The recent killings of young African American girls may have made national headlines, but statistics show there are plenty of other Black children who are victims of violent crimes in a disturbing trend that’s been seemingly increasing.
On Friday, Brandon Reynolds of Albuquerque, New Mexico was arrested in the beating death of his five-year-old daughter, Sarah Dubois-Gilbeau. According to the Albuquerque Journal, Dubois-Gilbeau was beaten for not wanting to do her homework. Reynolds claimed he blacked-out while giving Sarah a spanking. Neighbors said they heard her screams and cries for help. Police said Reynolds tried to tell paramedics that his daughter was having a heart attack, but when they noticed her substantial bruising, he was placed under arrest and charged with child abuse. Ironically, Reynolds had been granted sole custody of his daughter following concerns of her mother’s marijuana usage.
Just a few days before Dubois-Gilbeau’s death, funeral services took place Wednesday for 10-year-old RaNiya Wright, who died March 27 following a fight in an elementary school classroom. Though it was not yet known what the extent of her injuries were and what caused the fight, Wright’s mother, Ashley said during an interview Monday on “Good Morning America” she had complained to the school about her daughter being bullied.
“I notified the school and I also spoke with her teacher at the time about this same person,” Ashley said. “She would just always come home saying this one girl picking on her.”
Wright’s family was still searching for answers as of Monday morning.
On March 16, the body of 2-year old Noelani Robinson was found wrapped in a blanket on the side of a Minnesota highway. The baby’s father, Dariaz Higgins, 34, was being held on $1 million bond for the shooting death of her mother, Sierra, and he was also suspected of killing Noelani.
Trinity Love Jones
Nearly two weeks earlier, the body of Trinity Love Jones, 9, was found in a duffle bag near a bike trail in Hacienda Heights, California, on March 5. Emiel Hunt, 38, her mother’s boyfriend, is being charged in her murder. Jones’ mother, Jaquesta Graham will also face charges.
States away from where Robinson and Jones’ remains were found, the body of two-year-old Kai’ja DeRohn was found in Canton, Ohio, on March 13. His mother’s live-in boyfriend, Antonio Hardeman, 38, was charged in the child’s senseless death, which Hardeman claimed was brought on when he got angry at DeRohn for accidentally urinating on the couch. According to detectives, Hardeman hit the boy in the mouth and struck his head against the headboard and wall. This all happened while DeRohn’s mother was at Walmart.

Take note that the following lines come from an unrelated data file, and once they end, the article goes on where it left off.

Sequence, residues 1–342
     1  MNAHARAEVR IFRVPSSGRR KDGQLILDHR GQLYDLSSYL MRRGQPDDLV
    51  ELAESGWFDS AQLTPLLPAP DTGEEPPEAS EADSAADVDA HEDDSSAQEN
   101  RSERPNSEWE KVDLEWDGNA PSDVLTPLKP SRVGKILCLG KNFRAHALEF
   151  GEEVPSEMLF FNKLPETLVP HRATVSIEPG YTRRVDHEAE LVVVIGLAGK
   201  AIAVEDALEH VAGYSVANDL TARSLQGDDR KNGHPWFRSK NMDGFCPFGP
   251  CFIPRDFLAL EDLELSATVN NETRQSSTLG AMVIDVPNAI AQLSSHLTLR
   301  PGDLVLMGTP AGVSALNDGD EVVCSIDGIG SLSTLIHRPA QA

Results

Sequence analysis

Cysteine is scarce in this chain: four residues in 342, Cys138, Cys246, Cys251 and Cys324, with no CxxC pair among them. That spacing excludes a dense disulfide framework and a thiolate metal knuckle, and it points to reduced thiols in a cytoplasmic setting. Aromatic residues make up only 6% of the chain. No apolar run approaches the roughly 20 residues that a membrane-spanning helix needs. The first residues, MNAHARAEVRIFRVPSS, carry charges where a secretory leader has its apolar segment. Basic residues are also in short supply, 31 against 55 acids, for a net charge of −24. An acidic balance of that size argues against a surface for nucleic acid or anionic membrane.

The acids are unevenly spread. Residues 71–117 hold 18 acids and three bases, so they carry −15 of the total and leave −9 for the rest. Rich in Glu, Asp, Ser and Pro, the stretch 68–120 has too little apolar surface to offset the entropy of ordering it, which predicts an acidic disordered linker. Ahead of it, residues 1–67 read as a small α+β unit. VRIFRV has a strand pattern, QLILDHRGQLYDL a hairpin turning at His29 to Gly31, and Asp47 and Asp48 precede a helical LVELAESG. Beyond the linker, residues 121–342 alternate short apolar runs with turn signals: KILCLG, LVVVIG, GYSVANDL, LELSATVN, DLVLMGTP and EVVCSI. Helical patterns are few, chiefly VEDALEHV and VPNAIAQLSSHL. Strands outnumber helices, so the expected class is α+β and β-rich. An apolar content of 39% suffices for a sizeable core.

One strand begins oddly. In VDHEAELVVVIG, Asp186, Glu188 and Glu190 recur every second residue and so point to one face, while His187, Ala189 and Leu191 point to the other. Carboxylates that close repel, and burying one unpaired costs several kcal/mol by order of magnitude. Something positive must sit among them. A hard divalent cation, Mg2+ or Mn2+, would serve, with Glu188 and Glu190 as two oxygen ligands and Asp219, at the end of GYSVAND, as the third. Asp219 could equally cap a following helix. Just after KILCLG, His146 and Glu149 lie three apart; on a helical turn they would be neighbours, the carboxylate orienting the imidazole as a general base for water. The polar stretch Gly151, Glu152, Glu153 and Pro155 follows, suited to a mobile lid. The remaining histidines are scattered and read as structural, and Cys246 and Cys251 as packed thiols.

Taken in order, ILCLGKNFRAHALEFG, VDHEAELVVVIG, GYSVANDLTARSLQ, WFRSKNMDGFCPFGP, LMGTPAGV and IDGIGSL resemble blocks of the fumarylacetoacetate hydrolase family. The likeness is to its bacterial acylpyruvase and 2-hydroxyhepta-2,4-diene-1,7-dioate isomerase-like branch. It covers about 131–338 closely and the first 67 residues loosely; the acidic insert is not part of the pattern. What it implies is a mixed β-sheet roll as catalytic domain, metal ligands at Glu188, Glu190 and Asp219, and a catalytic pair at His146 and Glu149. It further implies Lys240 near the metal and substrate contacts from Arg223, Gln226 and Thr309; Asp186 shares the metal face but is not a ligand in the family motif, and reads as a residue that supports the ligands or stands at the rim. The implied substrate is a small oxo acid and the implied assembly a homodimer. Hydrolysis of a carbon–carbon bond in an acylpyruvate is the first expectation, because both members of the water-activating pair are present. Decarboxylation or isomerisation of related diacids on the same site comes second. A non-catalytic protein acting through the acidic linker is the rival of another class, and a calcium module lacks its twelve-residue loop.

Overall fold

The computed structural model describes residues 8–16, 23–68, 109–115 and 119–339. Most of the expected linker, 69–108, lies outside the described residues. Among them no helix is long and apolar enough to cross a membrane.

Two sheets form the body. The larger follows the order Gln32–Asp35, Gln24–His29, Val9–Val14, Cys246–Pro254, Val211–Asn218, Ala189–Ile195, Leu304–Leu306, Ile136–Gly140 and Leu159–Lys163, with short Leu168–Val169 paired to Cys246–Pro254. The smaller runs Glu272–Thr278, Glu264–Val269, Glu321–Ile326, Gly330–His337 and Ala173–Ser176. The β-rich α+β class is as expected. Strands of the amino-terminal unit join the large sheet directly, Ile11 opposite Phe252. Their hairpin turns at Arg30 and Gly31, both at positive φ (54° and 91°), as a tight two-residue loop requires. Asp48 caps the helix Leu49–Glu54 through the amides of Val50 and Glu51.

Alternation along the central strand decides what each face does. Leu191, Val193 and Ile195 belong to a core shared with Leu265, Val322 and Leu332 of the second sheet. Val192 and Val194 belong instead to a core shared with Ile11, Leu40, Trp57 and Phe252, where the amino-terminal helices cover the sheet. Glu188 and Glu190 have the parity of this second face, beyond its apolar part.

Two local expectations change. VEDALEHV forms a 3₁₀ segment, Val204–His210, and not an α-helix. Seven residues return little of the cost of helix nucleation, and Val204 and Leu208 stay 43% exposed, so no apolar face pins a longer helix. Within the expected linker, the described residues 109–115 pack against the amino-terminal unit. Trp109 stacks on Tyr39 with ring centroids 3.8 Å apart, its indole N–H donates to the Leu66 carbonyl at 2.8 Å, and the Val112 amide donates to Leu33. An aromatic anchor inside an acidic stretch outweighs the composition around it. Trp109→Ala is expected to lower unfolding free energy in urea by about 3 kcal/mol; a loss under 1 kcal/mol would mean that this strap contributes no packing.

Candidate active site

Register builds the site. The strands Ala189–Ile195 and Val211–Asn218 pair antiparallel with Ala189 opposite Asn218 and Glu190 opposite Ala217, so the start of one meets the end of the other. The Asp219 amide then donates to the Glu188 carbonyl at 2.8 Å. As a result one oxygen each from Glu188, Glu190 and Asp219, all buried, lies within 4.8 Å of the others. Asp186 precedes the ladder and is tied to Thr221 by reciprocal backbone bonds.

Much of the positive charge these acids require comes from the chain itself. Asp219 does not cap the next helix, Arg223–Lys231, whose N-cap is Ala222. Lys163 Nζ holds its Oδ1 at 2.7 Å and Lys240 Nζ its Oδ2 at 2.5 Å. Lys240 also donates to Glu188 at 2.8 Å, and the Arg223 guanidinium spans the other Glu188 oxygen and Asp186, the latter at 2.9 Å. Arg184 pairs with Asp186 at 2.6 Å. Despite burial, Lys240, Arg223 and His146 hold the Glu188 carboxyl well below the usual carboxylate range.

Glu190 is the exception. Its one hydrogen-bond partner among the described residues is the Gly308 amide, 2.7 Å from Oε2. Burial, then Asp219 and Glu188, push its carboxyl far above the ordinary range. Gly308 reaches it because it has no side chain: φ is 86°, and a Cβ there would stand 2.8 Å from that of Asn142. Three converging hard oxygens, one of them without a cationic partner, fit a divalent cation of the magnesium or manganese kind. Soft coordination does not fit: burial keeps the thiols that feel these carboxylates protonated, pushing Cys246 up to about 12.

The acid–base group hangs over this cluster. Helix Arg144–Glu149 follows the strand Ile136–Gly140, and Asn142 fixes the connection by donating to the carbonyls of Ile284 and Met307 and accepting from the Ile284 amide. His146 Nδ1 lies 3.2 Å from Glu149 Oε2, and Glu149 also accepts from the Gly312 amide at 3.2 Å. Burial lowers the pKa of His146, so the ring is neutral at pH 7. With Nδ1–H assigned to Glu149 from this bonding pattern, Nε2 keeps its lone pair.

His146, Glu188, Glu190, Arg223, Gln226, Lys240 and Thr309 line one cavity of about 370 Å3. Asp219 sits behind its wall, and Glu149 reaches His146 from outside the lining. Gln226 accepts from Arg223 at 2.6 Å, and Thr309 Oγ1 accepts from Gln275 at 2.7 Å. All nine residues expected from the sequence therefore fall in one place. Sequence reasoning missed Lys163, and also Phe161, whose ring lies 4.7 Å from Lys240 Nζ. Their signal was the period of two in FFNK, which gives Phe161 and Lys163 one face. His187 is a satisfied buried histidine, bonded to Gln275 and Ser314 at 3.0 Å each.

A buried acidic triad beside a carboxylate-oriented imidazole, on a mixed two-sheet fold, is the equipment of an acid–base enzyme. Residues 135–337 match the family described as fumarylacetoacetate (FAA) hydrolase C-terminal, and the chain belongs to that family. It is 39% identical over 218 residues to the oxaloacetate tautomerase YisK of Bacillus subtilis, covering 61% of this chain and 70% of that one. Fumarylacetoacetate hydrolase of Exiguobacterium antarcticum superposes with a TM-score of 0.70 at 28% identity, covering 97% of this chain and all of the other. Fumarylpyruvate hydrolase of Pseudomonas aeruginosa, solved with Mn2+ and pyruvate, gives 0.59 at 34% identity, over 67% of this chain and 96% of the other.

In Cleveland, four-year-old Aniya Day-Garrett was found unresponsive in her mother’s apartment in March 2018. She was severely emaciated and had suffered from a stroke among other ailments. Her mother and her mother’s boyfriend were convicted of her murder on March 7. One year prior to Day-Garrett’s death, child welfare workers were aware of abuse and failed to complete the follow-up interviews necessary to begin the process of removing her from the home. Her father, Mikhal Garrett tried to get emergency custody, but it was too late. Since then, the Cleveland Division of Children and Family Services has made several policy changes, including hiring more caseworkers and working closely with community members.
There were reportedly about 64,000 Black women and girls missing in the U.S., according to a report published in February.
“In efforts to address the problem of missing Black children nationwide, Reps. Bonnie Watson Coleman, Robin Kelly, and Yvette D. Clarke initiated the Congressional Caucus on Black Women and Girls in 2016,” Black News wrote. “Through the caucus, they hope to create public policies that ‘eliminate significant barriers and disparities experienced by black women.’”
According to Child Trends, 2016 14 out of every 1,000 Black children has reported maltreatment, which was the highest among all races except Native American. Black children between the ages of 12-19 are also victims of violent crime at a higher rate than their white counterparts.
According to ChildWelfare.gov, several factors to consider about the disproportionality of Black children falling victim to violence and abuse: higher rates of poverty in the low-income communities, racial bias and discrimination displayed by individual caseworkers, and other reporters, a lack of resources and geographic context. Child welfare divisions in cities across the country have come into scrutiny after a string of cases involving the death of black children that fell the cracks.
Nine Places Where Black Women And Girls Just Aren’t Safe
1. Why Can’t They Let Us Live?Source: 1 of 11
2. Waffle HouseSource: 2 of 11
3. In Our CarsSource: 3 of 11
4. The Golf CourseSource: 4 of 11
5. Pool PartiesSource: 5 of 11
6. In Schools And CollegesSource: 6 of 11
7. In Our HomesSource: 7 of 11
8. Twitter And Other Forms Of Social MediaSource: 8 of 11
9. TrainsSource: 9 of 11
10. The StreetSource: 10 of 11
11. Yet, We Gonna Be OKSource: 11 of 11
From RaNiya Wright To Trinity Love Jones: Why Aren’t Black Children Safe? was originally published on newsone.com